When Do You Lime Bermuda Grass in South Carolina?

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Bermuda grass is a popular turf species throughout the southern United States.

Bermuda grass is a popular turf species for lawns and sports fields throughout the southern United States. Bermuda grass is a vigorous, sod-forming perennial that can spread with seeds, stolons and rhizomes. It prefers daytime temperatures between 95 and 100 degrees Fahrenheit and will suffer if temperatures fall below 30 degrees Fahrenheit. Bermuda grass is also known for an ability to tolerate saline conditions as well as both acidic and alkaline soils but performs best withing a certain pH range. Properly applied lime may be used to raise the pH of acidic soils.


Determing if Lime Is Necessary

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Getting soil tested is necessary to determine whether or not lime is necessary and how much should be used. According to Richard L. Duble, a turfgrass specialist with the Texas Cooperative Extension, Bermuda grass is tolerant of a broad soil pH range. However, it performs optimally if the pH is between 6.5 and 8. Soils with a pH below 6.5 should be treated with limestone according to test result recommendations.

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Spring Fertilization

Lime should only be applied if a soil sample analysis suggests adding lime to raise the soil pH. It may not be necessary to apply lime annually. The lime can be applied about three weeks after the lawn completely greens up for the season. Although the dates of green-up vary between locations, lawns in South Carolina are typically ready to be treated with lime in mid-spring.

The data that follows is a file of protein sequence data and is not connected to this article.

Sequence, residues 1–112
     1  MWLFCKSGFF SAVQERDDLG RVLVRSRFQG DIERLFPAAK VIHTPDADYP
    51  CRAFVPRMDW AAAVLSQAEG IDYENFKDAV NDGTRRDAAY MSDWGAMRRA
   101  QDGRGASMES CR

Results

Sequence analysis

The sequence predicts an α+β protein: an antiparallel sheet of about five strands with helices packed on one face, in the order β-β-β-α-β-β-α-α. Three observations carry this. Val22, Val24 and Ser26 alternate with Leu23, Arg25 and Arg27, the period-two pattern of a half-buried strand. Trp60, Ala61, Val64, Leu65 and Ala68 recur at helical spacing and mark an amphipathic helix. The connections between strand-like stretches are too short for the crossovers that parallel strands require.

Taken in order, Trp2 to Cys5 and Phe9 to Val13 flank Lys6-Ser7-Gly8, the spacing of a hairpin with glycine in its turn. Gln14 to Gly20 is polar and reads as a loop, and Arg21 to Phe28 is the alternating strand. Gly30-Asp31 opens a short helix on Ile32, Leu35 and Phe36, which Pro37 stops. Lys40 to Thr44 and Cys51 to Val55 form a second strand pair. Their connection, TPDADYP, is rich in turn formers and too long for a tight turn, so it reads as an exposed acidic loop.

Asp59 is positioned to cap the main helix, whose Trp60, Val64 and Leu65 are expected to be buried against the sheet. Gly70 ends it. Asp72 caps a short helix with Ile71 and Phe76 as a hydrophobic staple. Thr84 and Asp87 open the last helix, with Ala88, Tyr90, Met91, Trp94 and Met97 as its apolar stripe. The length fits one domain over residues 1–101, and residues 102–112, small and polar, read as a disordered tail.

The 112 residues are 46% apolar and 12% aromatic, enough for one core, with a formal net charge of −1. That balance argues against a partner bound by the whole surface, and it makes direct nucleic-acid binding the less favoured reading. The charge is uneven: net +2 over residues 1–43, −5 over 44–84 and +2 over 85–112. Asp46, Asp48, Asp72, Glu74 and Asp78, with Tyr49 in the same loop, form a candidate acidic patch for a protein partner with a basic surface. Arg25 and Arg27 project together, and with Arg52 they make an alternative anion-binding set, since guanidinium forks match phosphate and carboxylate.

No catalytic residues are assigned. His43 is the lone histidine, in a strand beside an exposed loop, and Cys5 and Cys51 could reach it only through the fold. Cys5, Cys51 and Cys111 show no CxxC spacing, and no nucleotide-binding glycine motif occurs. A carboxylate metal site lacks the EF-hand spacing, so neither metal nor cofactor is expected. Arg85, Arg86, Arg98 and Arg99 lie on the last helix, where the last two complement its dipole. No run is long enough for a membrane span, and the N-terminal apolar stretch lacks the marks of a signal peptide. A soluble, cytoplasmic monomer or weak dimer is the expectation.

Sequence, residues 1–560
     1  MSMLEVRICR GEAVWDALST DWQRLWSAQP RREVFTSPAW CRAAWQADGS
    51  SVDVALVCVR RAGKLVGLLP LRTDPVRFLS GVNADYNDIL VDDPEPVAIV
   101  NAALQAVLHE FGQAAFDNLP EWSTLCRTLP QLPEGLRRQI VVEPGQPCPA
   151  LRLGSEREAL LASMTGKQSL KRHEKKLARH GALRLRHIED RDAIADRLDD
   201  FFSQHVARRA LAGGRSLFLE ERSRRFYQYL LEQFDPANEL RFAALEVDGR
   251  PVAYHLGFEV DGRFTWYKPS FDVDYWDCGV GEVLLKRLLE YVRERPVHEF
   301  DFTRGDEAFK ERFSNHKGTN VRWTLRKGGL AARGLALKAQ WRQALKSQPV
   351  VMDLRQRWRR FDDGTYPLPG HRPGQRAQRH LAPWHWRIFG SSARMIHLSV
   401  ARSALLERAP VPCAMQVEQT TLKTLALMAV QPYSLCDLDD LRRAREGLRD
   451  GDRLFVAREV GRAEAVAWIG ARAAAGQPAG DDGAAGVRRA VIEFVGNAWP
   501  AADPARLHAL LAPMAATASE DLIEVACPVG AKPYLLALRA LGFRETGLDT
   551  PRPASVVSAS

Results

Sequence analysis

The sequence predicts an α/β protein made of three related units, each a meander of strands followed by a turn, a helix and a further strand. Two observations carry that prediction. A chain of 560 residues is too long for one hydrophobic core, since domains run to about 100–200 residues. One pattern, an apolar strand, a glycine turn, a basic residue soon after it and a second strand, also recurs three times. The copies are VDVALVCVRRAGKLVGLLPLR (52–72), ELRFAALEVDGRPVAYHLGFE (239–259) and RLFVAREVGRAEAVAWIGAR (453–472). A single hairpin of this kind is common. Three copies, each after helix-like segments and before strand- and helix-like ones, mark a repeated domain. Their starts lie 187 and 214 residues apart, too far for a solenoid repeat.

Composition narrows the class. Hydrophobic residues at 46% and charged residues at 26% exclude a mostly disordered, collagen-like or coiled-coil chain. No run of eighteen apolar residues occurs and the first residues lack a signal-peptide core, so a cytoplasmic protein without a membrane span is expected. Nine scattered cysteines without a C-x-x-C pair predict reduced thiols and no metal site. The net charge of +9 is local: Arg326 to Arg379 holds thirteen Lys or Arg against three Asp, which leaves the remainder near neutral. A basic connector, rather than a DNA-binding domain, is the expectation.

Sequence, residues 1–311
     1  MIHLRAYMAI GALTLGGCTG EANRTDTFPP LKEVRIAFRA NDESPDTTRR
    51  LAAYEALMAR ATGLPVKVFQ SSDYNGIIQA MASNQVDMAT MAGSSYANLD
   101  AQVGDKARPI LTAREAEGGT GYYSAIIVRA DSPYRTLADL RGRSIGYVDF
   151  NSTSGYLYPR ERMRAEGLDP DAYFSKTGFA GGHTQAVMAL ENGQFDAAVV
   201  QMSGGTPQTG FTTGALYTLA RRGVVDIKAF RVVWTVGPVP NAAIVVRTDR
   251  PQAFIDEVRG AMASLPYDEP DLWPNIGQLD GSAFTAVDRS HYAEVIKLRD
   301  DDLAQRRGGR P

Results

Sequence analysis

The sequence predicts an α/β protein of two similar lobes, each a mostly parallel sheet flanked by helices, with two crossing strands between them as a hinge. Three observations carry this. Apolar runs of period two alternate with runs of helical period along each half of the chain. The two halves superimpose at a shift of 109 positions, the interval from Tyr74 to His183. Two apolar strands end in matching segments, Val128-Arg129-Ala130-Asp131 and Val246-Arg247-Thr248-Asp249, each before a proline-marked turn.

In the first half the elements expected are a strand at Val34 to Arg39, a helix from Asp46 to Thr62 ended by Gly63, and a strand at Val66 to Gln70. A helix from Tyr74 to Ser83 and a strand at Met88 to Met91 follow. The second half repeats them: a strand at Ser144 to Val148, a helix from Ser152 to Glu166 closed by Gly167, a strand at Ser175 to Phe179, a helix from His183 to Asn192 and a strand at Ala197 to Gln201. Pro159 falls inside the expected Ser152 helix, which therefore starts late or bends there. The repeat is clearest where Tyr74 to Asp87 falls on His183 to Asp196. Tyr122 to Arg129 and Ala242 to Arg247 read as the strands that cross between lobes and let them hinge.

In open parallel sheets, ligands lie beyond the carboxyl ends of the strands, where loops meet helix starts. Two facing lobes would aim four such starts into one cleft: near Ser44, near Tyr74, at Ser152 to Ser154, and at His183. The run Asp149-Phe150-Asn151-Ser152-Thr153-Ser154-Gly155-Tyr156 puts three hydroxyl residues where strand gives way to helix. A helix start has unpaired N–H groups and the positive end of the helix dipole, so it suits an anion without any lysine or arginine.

Before Planting

Lime can be applied before seeding a new lawn or field. If a soil sample analysis finds that the pH should be raised for optimal growth, supply the lime necessary to raise soil pH to within the desired range for Bermuda grass. Fertilizer and lime can be broadcast over the field and incorporated into other seedbed-preparing tillage operations.


Problems With Excess Lime

Although Bermuda grass lawns will likely not immediately suffer if too much lime is added, possible long-term effects should be taken into consideration. Over-liming will raise the soil pH and increase levels of calcium and magnesium. A high pH can tie up phosphates and elements like boron, iron, copper, manganese and zinc.



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